Welcome to St. Gianna Women's Homes

We assist women and their families fleeing domestic violence or who are being coerced into having an abortion. Each family is provided a safe and secure environment to deal with the trauma caused by the abuse, become self-sufficient and learn to develop healthy relationships in the future.

  • Who is St. Gianna?
    Who is St. Gianna?

    St. Gianna Beretta Molla was a modern-day physician and mother who sacrificed her life to save her unborn baby. In 1961, Gianna and her husband Pietro were expecting their fourth child. During her fourth pregnancy, Gianna developed a fibrous tumor on her uterus. Wanting to save the life of her unborn baby at all costs, she chose a more risky procedure, the removal of the fibroma. After the operation, complications continued throughout her pregnancy. Gianna was quite clear about her wishes, expressing to her family, “This time it will be a difficult delivery, and they may have to save one or the other -- I want them to save my baby.” On April 21, 1962, Good Friday of that year, Gianna went to the hospital, where her fourth child, Gianna Emanuela, was successfully delivered via Caesarean section. However, Gianna continued to have severe pain, and died of septic peritonitis one week after the birth. Gianna was beatified by Pope John Paul II on April 24, 1994, and canonized as a saint on May 16, 2004. Her husband Pietro and their last child, Gianna, were present at the canonization ceremony. She is the patron saint of mothers and families.

Our Impact

  • Women Helped Last Year

    35

  • Children Helped Last Year

    44

  • Nights of Housing Last Year

    17992

  • Babies Saved From Abortion Since Opening

    34

6 Small Ways to Volunteer that Make a Big Impact

Finding time to volunteer can be tricky. School is back in session, and with that a whole new host of responsibilities. Between work, family, friends and that distant memory known as sleep, squeezing in time to be altruistic can be tough for even the best time managers.

Here are a few smaller ways to give back in the midst of a hectic schedule.

1. Bake a dessert for a local soup kitchen. Most of the time only the essentials such as canned fruits and veggies are donated, but a sweet treat for the hungry is a nice way to spruce up their mealtime. Another option is donating fresh produce, as they are often served varieties that will last longer on the shelf. Whatever you decide, call up a soup kitchen near you and ask when would be a good time to drop off your small donation.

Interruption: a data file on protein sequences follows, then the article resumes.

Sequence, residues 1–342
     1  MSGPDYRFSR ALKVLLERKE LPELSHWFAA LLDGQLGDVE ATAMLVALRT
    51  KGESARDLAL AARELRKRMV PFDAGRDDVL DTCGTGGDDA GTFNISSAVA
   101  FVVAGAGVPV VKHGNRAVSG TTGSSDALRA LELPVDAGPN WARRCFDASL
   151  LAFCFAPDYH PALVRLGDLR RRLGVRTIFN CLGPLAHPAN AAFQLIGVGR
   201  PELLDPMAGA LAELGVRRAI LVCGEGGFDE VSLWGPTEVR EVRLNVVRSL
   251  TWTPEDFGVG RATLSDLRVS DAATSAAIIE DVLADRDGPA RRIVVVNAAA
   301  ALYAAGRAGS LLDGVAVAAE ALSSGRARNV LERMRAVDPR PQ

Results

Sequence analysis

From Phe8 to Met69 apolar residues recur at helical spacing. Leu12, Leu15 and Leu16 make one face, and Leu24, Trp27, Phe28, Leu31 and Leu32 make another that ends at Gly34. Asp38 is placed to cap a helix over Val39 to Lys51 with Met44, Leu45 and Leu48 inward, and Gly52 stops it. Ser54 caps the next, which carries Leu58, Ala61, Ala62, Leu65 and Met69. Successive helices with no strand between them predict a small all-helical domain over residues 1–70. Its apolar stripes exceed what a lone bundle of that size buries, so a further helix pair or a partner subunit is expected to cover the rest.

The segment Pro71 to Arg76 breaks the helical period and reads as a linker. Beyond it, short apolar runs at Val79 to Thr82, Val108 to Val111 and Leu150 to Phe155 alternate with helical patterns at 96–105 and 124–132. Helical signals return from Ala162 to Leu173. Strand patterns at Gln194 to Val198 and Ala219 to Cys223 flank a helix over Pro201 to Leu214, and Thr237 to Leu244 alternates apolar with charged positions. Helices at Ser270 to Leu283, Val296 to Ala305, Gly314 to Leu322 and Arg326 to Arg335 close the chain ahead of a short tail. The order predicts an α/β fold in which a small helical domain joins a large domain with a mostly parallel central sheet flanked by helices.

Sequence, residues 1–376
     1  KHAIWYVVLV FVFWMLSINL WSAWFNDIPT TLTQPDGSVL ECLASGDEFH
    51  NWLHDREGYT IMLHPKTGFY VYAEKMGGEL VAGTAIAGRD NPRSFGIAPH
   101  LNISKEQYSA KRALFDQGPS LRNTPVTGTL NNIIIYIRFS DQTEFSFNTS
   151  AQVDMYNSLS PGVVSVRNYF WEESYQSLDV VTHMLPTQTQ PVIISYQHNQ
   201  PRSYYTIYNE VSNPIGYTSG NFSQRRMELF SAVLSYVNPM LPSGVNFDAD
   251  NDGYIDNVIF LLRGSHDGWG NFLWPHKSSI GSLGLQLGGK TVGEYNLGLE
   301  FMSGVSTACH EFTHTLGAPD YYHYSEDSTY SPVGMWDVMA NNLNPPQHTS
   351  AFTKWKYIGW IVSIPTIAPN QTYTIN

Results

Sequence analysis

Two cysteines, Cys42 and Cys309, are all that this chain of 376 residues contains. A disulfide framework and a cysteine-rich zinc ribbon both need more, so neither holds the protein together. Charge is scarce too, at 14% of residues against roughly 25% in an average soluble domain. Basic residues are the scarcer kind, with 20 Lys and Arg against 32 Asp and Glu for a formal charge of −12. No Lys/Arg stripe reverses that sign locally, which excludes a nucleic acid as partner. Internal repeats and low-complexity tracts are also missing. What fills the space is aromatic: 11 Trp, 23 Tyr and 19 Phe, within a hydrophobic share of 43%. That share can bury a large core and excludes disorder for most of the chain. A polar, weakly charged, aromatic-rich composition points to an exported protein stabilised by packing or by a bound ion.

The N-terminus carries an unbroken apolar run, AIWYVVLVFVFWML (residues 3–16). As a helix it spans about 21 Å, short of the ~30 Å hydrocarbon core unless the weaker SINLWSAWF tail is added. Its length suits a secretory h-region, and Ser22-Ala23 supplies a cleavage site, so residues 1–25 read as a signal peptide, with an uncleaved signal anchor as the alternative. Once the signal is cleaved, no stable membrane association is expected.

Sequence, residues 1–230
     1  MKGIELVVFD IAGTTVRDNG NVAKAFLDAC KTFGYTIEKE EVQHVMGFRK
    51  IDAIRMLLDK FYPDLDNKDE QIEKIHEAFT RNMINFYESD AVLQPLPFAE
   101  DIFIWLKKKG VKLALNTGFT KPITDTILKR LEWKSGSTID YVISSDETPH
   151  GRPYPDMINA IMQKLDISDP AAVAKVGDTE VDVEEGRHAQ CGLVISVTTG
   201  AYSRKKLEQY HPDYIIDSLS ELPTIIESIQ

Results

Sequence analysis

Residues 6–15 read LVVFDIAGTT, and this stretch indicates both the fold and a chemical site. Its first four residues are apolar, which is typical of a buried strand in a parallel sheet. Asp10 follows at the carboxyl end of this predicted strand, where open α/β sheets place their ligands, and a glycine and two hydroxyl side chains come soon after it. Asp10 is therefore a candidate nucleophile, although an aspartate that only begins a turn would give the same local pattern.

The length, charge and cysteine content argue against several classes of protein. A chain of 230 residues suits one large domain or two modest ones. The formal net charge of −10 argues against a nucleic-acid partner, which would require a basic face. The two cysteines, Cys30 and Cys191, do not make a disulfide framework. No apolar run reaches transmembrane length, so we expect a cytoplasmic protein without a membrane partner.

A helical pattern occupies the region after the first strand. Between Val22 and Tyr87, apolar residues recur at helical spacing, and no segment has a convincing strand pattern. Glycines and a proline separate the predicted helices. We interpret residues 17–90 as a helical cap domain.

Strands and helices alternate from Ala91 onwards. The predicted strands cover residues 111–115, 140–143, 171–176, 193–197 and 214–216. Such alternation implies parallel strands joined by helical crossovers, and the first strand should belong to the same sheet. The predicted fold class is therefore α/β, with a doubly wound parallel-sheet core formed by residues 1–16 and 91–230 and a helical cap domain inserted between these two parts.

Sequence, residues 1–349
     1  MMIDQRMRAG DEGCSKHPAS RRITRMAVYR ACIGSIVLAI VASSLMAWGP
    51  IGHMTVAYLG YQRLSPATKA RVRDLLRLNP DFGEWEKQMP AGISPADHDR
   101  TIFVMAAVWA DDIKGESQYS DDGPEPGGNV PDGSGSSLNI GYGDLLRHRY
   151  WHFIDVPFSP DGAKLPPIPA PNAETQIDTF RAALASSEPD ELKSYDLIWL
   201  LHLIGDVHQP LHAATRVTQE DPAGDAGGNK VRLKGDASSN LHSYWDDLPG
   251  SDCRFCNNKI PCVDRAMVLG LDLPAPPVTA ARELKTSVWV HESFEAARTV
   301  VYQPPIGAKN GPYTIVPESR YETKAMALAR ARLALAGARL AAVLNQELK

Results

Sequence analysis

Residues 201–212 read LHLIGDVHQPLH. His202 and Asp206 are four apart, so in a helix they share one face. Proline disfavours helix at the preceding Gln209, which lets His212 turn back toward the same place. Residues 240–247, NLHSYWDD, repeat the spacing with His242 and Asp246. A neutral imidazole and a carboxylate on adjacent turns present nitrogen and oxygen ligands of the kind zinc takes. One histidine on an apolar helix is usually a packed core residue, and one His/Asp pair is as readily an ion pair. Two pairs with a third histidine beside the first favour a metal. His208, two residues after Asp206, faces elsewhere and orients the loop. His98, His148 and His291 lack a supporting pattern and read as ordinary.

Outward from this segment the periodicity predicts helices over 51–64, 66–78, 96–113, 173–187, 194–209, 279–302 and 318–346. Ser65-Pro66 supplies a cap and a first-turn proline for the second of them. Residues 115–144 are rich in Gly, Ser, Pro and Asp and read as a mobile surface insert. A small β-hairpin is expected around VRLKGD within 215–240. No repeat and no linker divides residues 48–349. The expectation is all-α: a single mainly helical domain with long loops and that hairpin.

2. Donate blood to a blood bank. All this volunteer opportunity requires of you is your arm for about an hour. And, bonus, you usually get a cookie afterwards. It’s a win-win.

3. Send care packages through AnySoldier.com. This nifty organization sends packages and letters to soldiers who don’t receive mail while serving their country. According to one unit leader who left feedback on this service: "I have never seen anything like the love, appreciation and support that comes from the people who visit this site...I just want to thank you all once again from the bottom of my heart. So far I have been able to spread your love to 4 different soldiers of my platoon/battery and see the joyous looks on the soldiers' faces..."

4. By the end of the month, it’ll be time to rake your yard free of those beautifully delicate leaves. Consider raking your elderly neighbor’s yard as well as your own. It’s a small act, but you’d be surprised how much it will mean to them.

5. Similar to number four, ChemoAngels.net is a service that allows volunteers to write letters to chemo patients. These small gestures make all the difference to patients dealing with this incredibly trying time of their lives. Even those surrounded by family and friends find support and deep appreciation to their pen pals thr5ough this arduous process.

6. Made possible by the generous advertisers of the site, FreeRice.com supports the United Nations World Food Programme by having users answer trivia questions and rewarding grains of rice to the hungry for correct answers. It couldn’t be easier, and it’s a great way to “break” from work for a few minutes a day—consider it as an alternative option to your several daily visits to Facebook.

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